[llvm-dev] llvmcpy: yet another Python binding for LLVM

Alessandro Di Federico via llvm-dev llvm-dev at lists.llvm.org
Fri Jan 13 01:03:13 PST 2017

On Thu, 12 Jan 2017 17:30:09 -0800
Philip Reames <listmail at philipreames.com> wrote:

> You mention in your readme that you had to slightly modify the LLVM C 
> headers to get this approach to work.  Can you point out a couple of 
> example changes?  Maybe these are things we should consider taking
> upstream.

Take a look at the `clean_include_file` function:


Basically CFFI doesn't handle enum entries whose valus is computed
through an expression. In the LLVM-C API sometimes we have 1 << 8.
Also, static inline functions are not handled too (CFFI only handles
function prototypes), so I've to strip them away.

I'm not sure it'll ever be possible to handle unmodified LLVM-C API
headers with no modifications, and given that one explicit aim is to
support older versions of LLVM I'd have to keep that code anyway.

It would be nice, however if that code doesn't have to grow in the
future (e.g., having sophisticated expression as enum values).

A thing I like about the C API is the consistency in function naming
like having LLVMGetSomething/LLVMSetSomething pairs,
LLVMCountSomethings/LLVMCountSomethings pairs and
LLVMGetFirstSomething/LLVMGetNextSomething pairs.

What I'd need would be the ability to know the name of the arguments,
which CFFI doesn't provide. That would allow me to set up slightly more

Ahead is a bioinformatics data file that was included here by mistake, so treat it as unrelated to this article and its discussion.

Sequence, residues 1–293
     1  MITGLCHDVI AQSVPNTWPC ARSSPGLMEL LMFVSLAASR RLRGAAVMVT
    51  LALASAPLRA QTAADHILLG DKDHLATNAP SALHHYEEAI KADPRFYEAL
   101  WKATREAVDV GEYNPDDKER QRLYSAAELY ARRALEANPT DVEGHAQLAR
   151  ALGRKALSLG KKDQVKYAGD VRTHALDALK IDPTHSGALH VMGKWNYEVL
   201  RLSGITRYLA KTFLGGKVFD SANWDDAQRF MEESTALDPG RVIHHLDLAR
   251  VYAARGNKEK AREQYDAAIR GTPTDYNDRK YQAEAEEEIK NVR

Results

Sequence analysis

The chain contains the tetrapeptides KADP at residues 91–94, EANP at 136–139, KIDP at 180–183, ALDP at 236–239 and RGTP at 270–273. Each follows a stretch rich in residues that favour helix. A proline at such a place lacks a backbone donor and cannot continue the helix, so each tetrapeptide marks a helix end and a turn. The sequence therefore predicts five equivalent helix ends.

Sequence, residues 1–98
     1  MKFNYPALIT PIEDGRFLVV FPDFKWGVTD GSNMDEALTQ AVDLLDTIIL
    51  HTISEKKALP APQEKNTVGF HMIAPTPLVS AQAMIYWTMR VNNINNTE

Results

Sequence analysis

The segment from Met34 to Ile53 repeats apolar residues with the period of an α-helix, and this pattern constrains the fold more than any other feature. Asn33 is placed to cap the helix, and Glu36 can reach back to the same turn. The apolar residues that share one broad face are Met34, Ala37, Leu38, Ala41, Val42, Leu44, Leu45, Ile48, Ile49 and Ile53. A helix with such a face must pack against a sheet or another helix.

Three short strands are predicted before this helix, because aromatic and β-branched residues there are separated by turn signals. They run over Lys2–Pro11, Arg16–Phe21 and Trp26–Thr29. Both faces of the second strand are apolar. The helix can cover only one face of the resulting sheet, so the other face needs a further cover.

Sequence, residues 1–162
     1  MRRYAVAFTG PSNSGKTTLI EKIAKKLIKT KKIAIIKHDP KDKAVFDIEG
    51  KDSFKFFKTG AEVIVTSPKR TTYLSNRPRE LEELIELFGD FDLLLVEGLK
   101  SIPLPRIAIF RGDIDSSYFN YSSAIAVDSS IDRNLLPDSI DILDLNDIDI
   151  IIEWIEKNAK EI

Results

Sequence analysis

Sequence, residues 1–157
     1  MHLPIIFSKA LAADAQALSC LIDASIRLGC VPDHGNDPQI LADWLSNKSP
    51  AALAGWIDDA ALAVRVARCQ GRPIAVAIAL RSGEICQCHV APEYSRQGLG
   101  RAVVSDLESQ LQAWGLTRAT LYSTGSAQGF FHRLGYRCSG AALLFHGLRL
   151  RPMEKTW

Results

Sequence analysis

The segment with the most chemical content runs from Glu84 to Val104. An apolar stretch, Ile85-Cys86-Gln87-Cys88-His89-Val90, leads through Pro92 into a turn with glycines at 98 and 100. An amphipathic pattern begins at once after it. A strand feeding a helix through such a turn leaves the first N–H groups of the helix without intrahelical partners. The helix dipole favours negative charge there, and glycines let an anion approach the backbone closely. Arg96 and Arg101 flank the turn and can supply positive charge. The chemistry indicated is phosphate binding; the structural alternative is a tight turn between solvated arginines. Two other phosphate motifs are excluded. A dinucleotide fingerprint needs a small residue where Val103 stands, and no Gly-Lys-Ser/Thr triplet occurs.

robust heuristics. For instance I'm now transforming a pair of pointer
arguments followed by an integer as a pointer to an array plus its
size, and it's fine in current versions of LLVM but it's not very
robust. Same argument for error messages, having the argument name
would help. But this is more a CFFI issue.

> I've not familiar with the details of CFFI.  Are the bindings it 
> generates for a particular set of headers specific to the machine
> it's generated on?  Or could the resulting bindings be published and
> reused directly?  If so, hosting a set of bindings for previous
> releases would be a useful service.

I'm not entirely sure they're portable across OS/architectures. What
would be the use case? It takes a moment to generate the bindings but
it's something the module will lazily do for you only once.

Alessandro Di Federico
PhD student at Politecnico di Milano

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